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Illinois Commerce Commission is a broken system

Illinois Chamber Commerce President Doug Whitley
talks about state's business climate during press conference Monday Feb 20 2012 AurorChamber Commerce downtown

Illinois Chamber of Commerce President Doug Whitley talks about the state's business climate during press conference Monday, Feb 20, 2012 at the Aurora Chamber of Commerce in downtown Aurora. | Steven Buyansky~Sun-Times Media

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Updated: April 29, 2013 11:50AM



There is a contrary view to your editorial [“We need ICC to keep a lid on utility bills,” Tuesday] regarding the flurry of legislative efforts to sidestep the Illinois Commerce Commission. Simply put, the ICC has become an obstruction to investment, growth and commerce. It is an inefficient, lawyer-driven, regulatory bureaucracy that thrives on delay and dispenses uncertainty. It is a broken system. More importantly it has lost its vision as a non-political agency responsible for assuring Illinois has safe, reliable and plentiful energy, water and telecommunications services. It should be renamed the Anti-Commerce Commission. Here’s why.

The agency is still trying to control markets and pricing as if there had been no Internet revolution. The telecommunications world is so fluid, a consumer can change instruments and providers with ease. Retail electricity marketing is sufficiently deregulated and competitive that even municipalities have gotten into the business. Natural gas and electricity pricing is so dynamic customers have enjoyed an extended era of favorable pricing to the distress of some of the very companies AARP would have your readers believe to be villains. Meanwhile, “green” energy production and energy conservation initiatives have achieved mainstream status.

The current rub is really about the commission’s unwillingness to embrace technology, modernization of distribution systems and adequate financing to assure the people and industries of Illinois are ahead of the curve. ComEd’s adoption of “smart grid” technology on the electrical grid holds great promise for not only ComEd, but also for companies, communities and residential users. The commission had the opportunity to embrace the technology and encourage swift introduction of modernization. It whiffed.

The situation is very similar for Peoples Energy. Much of the gas distribution network in Chicago was installed 100 or more years ago. The old cast-iron pipes are prone to fail. When gas pipes fail, there are catastrophic incidences. Peoples Energy wants to replace the pipes. Even at 100 miles a year, it will take nearly two decades to replace the pipes. There should be no dispute that it must be done. And perhaps more swiftly than proposed.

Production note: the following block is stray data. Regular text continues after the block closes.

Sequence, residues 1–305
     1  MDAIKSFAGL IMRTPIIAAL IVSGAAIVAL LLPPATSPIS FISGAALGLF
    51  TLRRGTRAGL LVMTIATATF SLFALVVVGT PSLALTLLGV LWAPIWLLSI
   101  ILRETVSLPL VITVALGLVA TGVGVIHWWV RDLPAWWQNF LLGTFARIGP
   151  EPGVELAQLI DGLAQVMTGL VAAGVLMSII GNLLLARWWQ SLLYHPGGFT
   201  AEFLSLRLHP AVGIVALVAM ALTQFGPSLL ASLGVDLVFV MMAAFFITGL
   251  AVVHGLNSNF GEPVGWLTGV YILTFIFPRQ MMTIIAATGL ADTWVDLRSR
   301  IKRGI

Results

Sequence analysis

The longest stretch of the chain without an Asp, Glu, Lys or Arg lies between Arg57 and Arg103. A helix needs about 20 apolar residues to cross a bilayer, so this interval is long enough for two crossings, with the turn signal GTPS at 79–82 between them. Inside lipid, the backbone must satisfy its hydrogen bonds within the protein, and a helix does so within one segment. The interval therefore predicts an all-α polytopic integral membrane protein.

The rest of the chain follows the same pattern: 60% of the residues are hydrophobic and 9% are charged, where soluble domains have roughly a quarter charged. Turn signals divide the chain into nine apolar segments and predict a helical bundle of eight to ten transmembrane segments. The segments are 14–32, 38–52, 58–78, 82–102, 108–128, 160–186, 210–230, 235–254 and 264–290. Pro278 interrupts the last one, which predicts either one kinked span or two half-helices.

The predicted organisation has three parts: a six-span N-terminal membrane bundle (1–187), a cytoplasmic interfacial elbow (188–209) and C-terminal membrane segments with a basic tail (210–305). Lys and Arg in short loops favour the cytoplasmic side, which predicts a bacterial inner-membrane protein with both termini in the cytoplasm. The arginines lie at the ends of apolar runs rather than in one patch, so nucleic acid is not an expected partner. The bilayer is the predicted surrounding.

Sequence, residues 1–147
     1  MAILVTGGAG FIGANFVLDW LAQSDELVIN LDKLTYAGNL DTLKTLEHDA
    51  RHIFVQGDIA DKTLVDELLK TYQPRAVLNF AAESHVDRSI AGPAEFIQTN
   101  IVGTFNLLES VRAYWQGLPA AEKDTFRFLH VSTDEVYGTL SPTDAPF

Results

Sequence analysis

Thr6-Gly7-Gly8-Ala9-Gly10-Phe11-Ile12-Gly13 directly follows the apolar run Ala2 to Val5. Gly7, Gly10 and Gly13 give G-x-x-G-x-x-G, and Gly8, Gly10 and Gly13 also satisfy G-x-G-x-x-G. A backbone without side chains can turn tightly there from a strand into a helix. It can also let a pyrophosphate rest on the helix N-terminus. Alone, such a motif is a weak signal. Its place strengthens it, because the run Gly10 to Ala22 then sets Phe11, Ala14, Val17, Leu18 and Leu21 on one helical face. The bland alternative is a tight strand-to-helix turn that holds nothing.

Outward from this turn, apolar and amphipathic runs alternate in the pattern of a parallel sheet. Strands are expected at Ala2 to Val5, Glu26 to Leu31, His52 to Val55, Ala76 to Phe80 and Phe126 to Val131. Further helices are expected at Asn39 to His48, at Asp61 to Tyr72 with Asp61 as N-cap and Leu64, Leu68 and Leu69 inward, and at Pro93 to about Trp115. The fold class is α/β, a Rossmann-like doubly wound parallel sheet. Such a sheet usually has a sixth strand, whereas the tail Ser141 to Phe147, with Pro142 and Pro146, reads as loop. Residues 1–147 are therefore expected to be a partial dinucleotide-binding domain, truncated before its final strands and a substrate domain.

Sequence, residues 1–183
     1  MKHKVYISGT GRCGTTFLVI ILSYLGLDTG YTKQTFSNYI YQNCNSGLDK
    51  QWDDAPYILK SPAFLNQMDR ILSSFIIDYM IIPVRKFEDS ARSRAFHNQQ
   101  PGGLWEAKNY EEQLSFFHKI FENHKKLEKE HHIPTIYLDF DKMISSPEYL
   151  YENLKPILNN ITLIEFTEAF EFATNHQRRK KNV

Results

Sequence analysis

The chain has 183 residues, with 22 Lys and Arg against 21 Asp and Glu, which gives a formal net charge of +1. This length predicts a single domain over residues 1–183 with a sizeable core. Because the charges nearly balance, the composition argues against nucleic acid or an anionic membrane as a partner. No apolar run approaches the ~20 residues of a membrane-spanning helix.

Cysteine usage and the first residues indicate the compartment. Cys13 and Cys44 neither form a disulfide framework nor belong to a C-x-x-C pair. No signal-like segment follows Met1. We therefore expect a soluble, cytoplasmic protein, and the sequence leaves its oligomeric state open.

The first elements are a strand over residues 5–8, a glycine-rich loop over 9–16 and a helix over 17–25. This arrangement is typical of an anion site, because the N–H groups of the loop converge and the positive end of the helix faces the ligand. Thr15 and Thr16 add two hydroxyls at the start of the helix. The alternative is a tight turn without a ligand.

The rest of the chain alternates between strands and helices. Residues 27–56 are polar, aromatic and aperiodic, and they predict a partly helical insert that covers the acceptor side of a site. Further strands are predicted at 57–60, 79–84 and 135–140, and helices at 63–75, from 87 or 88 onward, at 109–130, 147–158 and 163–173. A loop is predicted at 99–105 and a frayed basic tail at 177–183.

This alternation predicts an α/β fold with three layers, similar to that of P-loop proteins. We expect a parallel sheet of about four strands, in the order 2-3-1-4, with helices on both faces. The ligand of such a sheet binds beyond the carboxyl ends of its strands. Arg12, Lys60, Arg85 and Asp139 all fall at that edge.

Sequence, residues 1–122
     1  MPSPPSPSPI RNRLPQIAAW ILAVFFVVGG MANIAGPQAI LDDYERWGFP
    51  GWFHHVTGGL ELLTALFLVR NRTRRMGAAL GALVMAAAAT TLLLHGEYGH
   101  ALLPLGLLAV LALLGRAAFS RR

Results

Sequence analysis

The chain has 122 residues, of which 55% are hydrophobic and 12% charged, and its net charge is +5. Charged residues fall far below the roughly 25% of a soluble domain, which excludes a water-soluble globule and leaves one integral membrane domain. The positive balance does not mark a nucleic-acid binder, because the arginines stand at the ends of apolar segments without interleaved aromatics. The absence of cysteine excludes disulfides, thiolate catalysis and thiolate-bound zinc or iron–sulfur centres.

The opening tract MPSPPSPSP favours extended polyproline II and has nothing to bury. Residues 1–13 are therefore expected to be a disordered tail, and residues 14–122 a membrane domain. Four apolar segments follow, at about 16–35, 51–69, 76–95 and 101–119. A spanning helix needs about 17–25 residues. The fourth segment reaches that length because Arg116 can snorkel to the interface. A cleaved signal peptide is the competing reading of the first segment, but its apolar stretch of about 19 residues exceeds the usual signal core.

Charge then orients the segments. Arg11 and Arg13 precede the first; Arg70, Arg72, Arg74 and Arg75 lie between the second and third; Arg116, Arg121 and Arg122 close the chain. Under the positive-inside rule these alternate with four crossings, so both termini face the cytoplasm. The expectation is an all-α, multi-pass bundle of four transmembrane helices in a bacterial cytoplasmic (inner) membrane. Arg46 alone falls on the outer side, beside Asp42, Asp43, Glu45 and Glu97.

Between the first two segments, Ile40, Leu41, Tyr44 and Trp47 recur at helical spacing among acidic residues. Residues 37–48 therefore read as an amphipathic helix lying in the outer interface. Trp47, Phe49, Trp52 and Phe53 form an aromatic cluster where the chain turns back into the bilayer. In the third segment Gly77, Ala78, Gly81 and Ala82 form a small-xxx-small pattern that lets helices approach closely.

Chicago’s infrastructure needs repair replacement and modernization. The same is true for the water, sewers and transit systems. These are expensive undertakings. It will require many years and cost billions to achieve. If we want to take pride in having a world-class city, we must invest in world-class infrastructure. It requires vision, a multiyear commitment and an acceptance of the fundamental principle that “there is no free lunch.”

Doug Whitley, president & CEO,

Illinois Chamber of Commerce

Put feral cats to good use

How about we compromise on the cats versus birds issue? Let’s have a program to capture all the feral cats and train them to go after only those cursed Canada geese that have forgotten how to migrate.

Thanks to the abundance of easily accessible garbage and the people who actually feed the dumb critters, they nest near any body of water and hang around all year long. Their poop accumulates at the bottom of ponds and lagoons, coats parking lots and sidewalks, and becomes a natural hazard on gold courses. Efforts to scare them off with dogs and swans have had minimal success, and hunters have to give them a pass.

If cats on the prowl could begin to reduce their numbers, they would be providing a public service.

Dan McGuire, Bensenville

NRA doesn’t represent gang-bangers

This letter is in response to Roger Simon’s column “Public Intensity needed to beat NRA” in today’s edition, where he makes the statement that Wayne LaPierre and the NRA have “blood on their hands” and that their “gun mania has led to slaughter.”

I’m sure your paper would have been quick to point out if any of the shooters of the people mentioned in the “1 dead, 9 wounded in shootings in Chicago” article of the March 24 had been NRA members. Instead, that article uses the word “gang” four times, highlighting an important but overlooked distinction confirmed by my own experience responding to 9-1-1 calls for over 20 years — the NRA doesn’t represent criminals and gang-bangers.

Criminals and gang members are the ones involved in the killings of children and young adults, not NRA members. Criminals and gang members are the ones buying and selling stolen guns, and their families are the ones who typically “straw purchase” them, and they certainly don’t wait the 60-plus days for FOIDs (as mentioned in an article in your paper today) like Illinois’ patient NRA members.

And despite the suggestions, gang members aren’t the ones supporting concealed carry in Illinois, as they already are doing it in violation of numerous state laws. Such vitriol and contempt from the left toward members of a group that is fighting to preserve a constitutional right is why, after many years of hesitation, I joined the NRA.

If you want to talk about “blood on hands,” why not consider the law-abiding citizens who have died in Illinois, unable to protect themselves against those same criminals and gang-bangers, due to the “reasonable” laws you support, Mr. Simon?

Douglas Winston, Waukegan



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